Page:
Although but certain forms of our invention been shown and described in detail, other forms are possible and changes may be made in the shape and arrangement of its part without departing from the spirit of the invention as defined in the appended claims.

We claim:

1. A prismatic type telescope comprising a casing and a prism movable therein along the optlcal axis of the instrument to change its focus, means for supporting and aligning said prism in cluding a movable prism shelf on which the prism is held, an elongated tubular support member joined rigidly to said shelf and projecting therefrom substantially parallel to said optical axis, said member being slidably mounted on a cylindrical bearing surface carried by the casing, a

second cylindrical bearing surface carried by the casing, an adjusting member rotatably mounted on said second bearing surface, the axes of said cylindrical surfaces and said member being substantially coincident, and helical cam means on the adjusting member operably connected to the support member whereby rotation of the adjusting member eifects longitudinal movement of the shelf.

2. In a telescope the combination of a casing provided with objective and eyepiece lenses and a prism system located between said lenses to invert and revert the image formed by the objective lens, one prism of the system being movable along the optical axis of the telescope to change its focus, a movable prism shelf for holding said prism, said shelf having at one side an integral tubular support extending normal to the shelf and at the other side a longitudinal slot, the support being slidably fitted on its exterior surface into a longitudinal bearing surface in said casing so as to provide means for sup-porting and longitudinally aligning the shelf in the casing, a guide pin anchored in the casing parallel to said support and having a sliding fit with said slot so as to prevent angular movement of the shelf about the support, a rotatable adiusting shaft held against relative endwise motion in the casing coaxially with the support, and a threaded connection formed cooperatively on the interior surface of the tubular support and the adjacent end of said shaft for moving the shelf upon rotation of the shaft whereby the instrument may be focused.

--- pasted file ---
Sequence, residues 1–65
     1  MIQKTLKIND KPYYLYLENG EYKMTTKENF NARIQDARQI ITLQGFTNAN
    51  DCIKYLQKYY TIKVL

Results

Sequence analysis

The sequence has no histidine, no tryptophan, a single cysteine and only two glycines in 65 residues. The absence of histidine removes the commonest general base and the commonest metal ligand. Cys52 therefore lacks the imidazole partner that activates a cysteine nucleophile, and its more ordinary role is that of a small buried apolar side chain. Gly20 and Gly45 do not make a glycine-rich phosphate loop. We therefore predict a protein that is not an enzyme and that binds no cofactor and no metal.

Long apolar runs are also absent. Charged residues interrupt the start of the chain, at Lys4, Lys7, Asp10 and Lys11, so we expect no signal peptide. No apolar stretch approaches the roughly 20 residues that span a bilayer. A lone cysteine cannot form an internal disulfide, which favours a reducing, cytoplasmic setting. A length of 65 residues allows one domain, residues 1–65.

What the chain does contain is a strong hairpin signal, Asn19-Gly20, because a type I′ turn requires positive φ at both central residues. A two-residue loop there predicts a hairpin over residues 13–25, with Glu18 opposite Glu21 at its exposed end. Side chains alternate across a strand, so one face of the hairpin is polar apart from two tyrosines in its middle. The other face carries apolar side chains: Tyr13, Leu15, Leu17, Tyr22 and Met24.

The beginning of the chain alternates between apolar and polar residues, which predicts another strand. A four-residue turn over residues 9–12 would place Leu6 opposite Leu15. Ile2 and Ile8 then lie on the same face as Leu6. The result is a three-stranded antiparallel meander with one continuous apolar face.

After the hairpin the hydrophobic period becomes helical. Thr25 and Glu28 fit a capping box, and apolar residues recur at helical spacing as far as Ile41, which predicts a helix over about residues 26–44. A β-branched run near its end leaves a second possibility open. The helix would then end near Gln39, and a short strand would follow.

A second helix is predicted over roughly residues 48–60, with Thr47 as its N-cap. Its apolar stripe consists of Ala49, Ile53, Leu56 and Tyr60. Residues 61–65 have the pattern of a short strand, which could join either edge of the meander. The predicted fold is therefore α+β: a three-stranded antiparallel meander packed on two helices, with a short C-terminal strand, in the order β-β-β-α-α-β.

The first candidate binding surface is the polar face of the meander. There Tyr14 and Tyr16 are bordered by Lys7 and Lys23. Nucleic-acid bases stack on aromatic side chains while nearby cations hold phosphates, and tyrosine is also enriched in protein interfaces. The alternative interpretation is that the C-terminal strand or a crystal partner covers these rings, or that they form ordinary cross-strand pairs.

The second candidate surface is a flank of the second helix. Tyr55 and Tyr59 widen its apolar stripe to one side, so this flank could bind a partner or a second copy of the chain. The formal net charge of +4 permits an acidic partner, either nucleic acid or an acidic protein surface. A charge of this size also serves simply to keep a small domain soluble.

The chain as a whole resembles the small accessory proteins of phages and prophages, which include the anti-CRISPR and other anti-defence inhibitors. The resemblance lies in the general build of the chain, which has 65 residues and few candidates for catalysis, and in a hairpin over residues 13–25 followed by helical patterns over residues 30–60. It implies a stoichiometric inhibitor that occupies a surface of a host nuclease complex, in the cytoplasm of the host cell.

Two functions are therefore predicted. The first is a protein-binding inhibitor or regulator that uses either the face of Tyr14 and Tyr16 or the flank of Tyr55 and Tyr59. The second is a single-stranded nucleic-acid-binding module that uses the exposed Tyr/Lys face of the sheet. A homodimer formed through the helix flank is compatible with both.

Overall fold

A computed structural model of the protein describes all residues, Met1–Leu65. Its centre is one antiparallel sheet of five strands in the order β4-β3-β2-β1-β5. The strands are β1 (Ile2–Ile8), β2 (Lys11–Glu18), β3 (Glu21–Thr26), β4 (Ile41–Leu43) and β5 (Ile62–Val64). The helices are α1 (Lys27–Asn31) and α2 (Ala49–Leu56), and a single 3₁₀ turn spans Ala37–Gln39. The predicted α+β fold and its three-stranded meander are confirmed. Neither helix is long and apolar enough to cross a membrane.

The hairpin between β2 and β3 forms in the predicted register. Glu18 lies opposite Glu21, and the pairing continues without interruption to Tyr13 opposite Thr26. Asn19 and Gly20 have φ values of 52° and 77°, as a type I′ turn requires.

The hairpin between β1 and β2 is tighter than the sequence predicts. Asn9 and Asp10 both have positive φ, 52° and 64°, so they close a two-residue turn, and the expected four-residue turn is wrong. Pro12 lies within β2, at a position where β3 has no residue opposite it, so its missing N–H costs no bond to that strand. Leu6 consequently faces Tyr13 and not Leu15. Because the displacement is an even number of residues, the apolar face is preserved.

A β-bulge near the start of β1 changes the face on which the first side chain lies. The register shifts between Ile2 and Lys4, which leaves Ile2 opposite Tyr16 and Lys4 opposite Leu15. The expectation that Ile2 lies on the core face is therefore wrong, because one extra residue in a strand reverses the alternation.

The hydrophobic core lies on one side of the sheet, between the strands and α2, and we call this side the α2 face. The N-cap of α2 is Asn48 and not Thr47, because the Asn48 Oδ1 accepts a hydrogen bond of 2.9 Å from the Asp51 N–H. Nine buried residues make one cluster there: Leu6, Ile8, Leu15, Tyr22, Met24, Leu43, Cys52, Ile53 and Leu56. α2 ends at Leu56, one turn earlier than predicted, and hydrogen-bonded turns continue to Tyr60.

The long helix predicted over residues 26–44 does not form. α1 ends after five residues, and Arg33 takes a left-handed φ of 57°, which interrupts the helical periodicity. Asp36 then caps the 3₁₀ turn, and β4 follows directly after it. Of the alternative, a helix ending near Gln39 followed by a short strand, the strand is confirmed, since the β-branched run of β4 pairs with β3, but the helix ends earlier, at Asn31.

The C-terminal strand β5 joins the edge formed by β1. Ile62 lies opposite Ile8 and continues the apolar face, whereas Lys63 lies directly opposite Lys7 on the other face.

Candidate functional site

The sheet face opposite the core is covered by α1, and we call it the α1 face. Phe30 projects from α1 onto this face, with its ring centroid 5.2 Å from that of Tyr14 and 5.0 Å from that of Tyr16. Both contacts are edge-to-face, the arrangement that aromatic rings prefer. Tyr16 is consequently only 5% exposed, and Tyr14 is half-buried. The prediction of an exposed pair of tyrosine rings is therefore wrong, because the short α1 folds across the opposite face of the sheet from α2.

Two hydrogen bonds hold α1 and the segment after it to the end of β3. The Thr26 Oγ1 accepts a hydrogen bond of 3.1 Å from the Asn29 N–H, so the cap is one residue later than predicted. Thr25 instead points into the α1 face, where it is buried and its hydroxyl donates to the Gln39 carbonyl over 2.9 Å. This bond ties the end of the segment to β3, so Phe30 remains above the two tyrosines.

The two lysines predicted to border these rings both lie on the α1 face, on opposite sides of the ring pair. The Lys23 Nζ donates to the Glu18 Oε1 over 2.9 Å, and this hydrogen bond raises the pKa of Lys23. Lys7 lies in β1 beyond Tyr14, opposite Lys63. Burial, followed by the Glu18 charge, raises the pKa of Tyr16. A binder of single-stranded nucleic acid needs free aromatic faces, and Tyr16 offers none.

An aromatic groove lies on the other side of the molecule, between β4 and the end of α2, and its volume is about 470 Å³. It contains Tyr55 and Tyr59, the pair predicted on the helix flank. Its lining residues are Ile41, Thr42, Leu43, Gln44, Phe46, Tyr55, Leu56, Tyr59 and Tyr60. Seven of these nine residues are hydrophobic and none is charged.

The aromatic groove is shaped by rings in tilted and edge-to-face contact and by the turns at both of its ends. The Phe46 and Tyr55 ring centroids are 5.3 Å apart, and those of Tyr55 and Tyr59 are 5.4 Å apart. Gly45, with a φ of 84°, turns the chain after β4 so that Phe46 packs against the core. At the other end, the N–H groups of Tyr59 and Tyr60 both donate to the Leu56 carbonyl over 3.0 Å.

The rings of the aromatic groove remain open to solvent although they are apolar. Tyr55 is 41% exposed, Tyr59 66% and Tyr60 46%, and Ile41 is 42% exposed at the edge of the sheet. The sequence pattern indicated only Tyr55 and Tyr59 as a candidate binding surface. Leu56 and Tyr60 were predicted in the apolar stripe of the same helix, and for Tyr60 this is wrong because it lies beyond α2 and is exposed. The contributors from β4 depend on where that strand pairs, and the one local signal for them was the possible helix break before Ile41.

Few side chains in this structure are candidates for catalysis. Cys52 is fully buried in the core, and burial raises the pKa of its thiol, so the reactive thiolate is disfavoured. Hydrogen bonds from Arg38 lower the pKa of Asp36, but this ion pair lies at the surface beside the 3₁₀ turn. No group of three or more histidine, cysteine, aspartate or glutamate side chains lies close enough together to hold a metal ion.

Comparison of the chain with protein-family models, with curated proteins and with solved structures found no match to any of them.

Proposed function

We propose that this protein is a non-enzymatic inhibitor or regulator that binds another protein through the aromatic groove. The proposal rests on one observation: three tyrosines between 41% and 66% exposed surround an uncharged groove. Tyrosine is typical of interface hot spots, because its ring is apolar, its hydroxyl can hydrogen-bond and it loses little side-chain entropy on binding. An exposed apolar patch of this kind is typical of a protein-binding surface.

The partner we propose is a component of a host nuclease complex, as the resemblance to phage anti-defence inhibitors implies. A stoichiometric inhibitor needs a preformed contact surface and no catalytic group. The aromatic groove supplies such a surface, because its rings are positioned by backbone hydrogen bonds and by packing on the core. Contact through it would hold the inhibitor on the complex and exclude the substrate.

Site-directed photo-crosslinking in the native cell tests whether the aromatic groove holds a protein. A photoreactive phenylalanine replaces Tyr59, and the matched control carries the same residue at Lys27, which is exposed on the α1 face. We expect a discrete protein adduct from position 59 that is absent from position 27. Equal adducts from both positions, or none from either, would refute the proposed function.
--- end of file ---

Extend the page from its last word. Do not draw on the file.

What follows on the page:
In a prismatic telescope having a casing and an optical system including a prism which is movably mounted within the casing, a shelf carrying the prism, an elongated tubular support member secured to the shelf, a boss formed integrally with and inside of the casing, said boss having a cylindrical bore within which said tubulay: support member is slidably mounted, a shaft rotatably mounted on the boss and positioned within the tubular support memberpsaid shaft, support member and bore being coaxial, and cooperating threaded portions on the shaft and support member whereby rotation of the shaft will move the shelf and prism to effect focusing adjustments of the telescope.


References Cited in the file of this patent UNITED STATES PATENTS Number

Patent Citations
Cited PatentFiling datePublication dateApplicantTitle
US2100967 *Feb 11, 1935Nov 30, 1937Howard S LevyCamera
US2277065 *Oct 2, 1939Mar 24, 1942Richard BockPrism-monocular
Referenced by
Citing PatentFiling datePublication dateApplicantTitle
US3324759 *Feb 20, 1962Jun 13, 1967Linotype Machinery LtdRegistration of printing elements on printing presses
US3399010 *Sep 17, 1965Aug 27, 1968Zeiss StiftungFocusing device
US3610764 *Aug 27, 1970Oct 5, 1971Zeiss Jena Veb CarlAutomatic leveling telescope including a reversible two-sided pendulum mirror and a focusing prism
US4142800 *Dec 16, 1976Mar 6, 1979Essilor International (Compagnie Generale d'Optique), a French Societe AnonymeAutomatic level
US7375881 *May 1, 2006May 20, 2008Leupold & Stevens, Inc.Carriage for optical elements in an optical sighting device
US7706065May 16, 2008Apr 27, 2010Leupold & Stevens, Inc.Compact spotting scope with side focus control
DE970298C *Aug 25, 1953Sep 4, 1958Leitz Ernst GmbhFernrohr mit am Gehaeuse fest angebrachtem Objektiv und Okular
U.S. Classification359/426, D16/132, 359/835
International ClassificationG02B7/28
Cooperative ClassificationG02B7/28
European ClassificationG02B7/28